Square Root of a Matrix

Discussion in 'MATLAB' started by Greg Heath, Jul 14, 2005.

  1. Greg Heath

    Greg Heath Guest

    To find the square root of the n X n matrix C, I use the eigenvalue

    [E L] = eig(C);

    to obtain

    sqrtC = E*sqrt(L)*E'.

    Now, I would like an analytic expression for sqrtC(n,c) when C
    is a correlation coefficient matrix with equal nondiagonal
    components c:

    For n = 2, C = [1 c; c 1]
    For n = 3, C = [1 c c; c 1 c; c c 1]


    Any ideas?

    Greg Heath, Jul 14, 2005
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  2. Greg Heath

    Daniel Ennis Guest

    This isn't really the answer to your question, but just in case you
    didn't come across this you can also use,


    Daniel Ennis, Jul 14, 2005
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  3. ----------------------
    Hello Greg,

    The formula below should give you a square root of your matrix but not
    always the one given by 'sqrtm'. I have a strong suspicion 'sqrtm' is not
    consistent in its choice of square root, at least with respect to your
    kind of problem. Your eigenvalues can easily be negative so their square
    roots would then be imaginary. If your matrix is n x n, it has in general
    2^n square roots, obtained by all possible combinations of signs on the
    square roots of your n eigenvalues, but I don't know formulas like the one
    below for them all, only that one. You can get one more by reversing all
    the signs, but I'd have to put more work into the problem to find formulas
    for them all. It took some sweat just to find this one!

    x = repmat(sqrt((n-1)*c+1)/n-sqrt(c-1)/n*i,n,n);
    x = x + diag(repmat(sqrt(c-1)*i,n,1));

    (Remove "xyzzy" and ".invalid" to send me email.)
    Roger Stafford
    Roger Stafford, Jul 14, 2005
  4. ---------------------
    Hello Greg,

    I forgot that you stated c was a correlation coefficient, which
    therefore must necessarily be less than or equal to 1, so the supposedly
    imaginary part in the sqrt(c-1)*i term becomes real. The formula should
    then read:

    x = repmat(sqrt((n-1)*c+1)/n-sqrt(1-c)/n,n,n) + ...

    where x is a square root of your matrix. This agrees with 'sqrtm' as far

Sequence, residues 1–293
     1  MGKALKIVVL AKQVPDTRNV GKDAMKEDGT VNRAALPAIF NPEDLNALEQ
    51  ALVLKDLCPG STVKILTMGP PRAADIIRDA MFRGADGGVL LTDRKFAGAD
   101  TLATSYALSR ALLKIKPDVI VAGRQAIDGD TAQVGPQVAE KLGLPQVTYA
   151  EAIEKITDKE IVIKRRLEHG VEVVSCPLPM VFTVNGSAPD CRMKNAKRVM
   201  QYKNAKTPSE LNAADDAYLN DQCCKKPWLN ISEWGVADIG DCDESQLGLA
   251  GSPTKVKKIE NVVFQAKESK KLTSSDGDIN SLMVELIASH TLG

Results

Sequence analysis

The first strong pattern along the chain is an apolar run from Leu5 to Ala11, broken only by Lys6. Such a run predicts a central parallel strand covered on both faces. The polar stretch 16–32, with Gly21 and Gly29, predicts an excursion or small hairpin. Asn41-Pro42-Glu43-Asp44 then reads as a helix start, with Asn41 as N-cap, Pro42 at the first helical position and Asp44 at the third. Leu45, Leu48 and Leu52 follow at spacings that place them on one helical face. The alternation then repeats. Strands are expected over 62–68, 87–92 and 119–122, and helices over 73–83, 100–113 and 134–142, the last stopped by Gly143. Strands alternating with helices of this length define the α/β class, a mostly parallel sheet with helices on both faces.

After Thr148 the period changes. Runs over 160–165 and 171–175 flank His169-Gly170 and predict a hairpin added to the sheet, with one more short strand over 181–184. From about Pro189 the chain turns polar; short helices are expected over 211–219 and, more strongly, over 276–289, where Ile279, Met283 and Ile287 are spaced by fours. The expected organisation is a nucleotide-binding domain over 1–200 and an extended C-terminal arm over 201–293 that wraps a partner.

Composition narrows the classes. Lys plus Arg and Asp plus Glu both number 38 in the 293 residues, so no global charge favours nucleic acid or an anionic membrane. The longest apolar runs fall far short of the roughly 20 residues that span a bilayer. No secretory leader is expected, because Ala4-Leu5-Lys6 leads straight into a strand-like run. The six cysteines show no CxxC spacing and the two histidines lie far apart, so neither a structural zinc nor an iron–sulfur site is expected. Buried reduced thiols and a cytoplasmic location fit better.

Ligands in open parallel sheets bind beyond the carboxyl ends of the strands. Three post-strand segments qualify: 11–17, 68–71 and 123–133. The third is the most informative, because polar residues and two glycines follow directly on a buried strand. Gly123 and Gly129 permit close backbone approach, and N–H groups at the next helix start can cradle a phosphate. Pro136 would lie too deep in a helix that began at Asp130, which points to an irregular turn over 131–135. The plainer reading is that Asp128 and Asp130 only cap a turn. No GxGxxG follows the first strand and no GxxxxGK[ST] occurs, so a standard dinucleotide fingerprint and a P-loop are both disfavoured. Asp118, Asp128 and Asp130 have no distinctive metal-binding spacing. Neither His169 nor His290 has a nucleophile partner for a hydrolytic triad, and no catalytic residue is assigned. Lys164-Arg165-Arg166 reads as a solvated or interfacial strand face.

as I can observe. With c <= 1 both are choosing the positive square roots
    of all the original eigenvalues. There is one eigenvalue in them equal to
    +sqrt((n-1)*c+1) and n-1 eigenvalues all equal to +sqrt(1-c).

    (Remove "xyzzy" and ".invalid" to send me email.)
    Roger Stafford
    Roger Stafford, Jul 14, 2005
  5. Greg Heath

    Greg Heath Guest


    How did you figure it out? I quit at the cubic eigenvalue equation
    for n = 3. I would have tried MAPLE except I forgot how.

    Greg Heath, Jul 14, 2005
  6. -----------------
    Hello Greg,

    I have to confess it was a case of blind luck. As I mentioned earlier,
    I had forgotten that your c <= 1 and evaluated the square root matrices
    for some particular integers c > 1 and for several values of n. I
    discovered that the real and imaginary parts of their elements were each
    square roots of something rational and thereby soon discovered the
    formulas in terms of c and n (i.e., sqrt((n-1)*c+1) and sqrt(1-c).) These
    formulas carry over to the case with c <= 1 except that there is no
    imaginary part since sqrt(1-c) becomes real - the two square roots are
    combined in real sums and differences. If I had tried things originally
    with only c <= 1, it is doubtful I could have disentangled the two square
    roots to find their formulas without a lot more work. There's fortuity
    for you!

    (Remove "xyzzy" and ".invalid" to send me email.)
    Roger Stafford
    Roger Stafford, Jul 14, 2005
  7. Greg Heath

    Greg Heath Guest

    I'll say. Did it ever occur to you to try MAPLE?

    Greg Heath, Jul 15, 2005
  8. Hello Greg,

    I thought I'd let you know that, thanks to your matrix example, I
    managed to correct a mistaken notion I had previously held about the
    number of possible square roots an n x n matrix can have. When an
    eigenvalue is repeated, as occurs for your matrices for n greater than 2,
    there are infinitely many possible sets of corresponding eigenvectors.
    You can get them by performing arbitrary rotations (unitary
    transformations) on the space of such eigenvectors. Hence, by assigning
    both possible signs to the square roots of these repeated eigenvalues,
    arbitrarily rotating the corresponding eigenvector space, and then working
    your way back to a square root matrix, you can get infinitely many
    different square roots! That was a surprise. Your matrices have
    infinitely many square roots. I used TMW's Symbolic Math Toolbox (Maple)
    to verify that this is true with your 3 x 3 matrix. I do think the 2^n
    limit still applies to any matrix with non-repeating eigenvalues, however.

    (Remove "xyzzy" and ".invalid" to send me email.)
    Roger Stafford
    Roger Stafford, Jul 15, 2005
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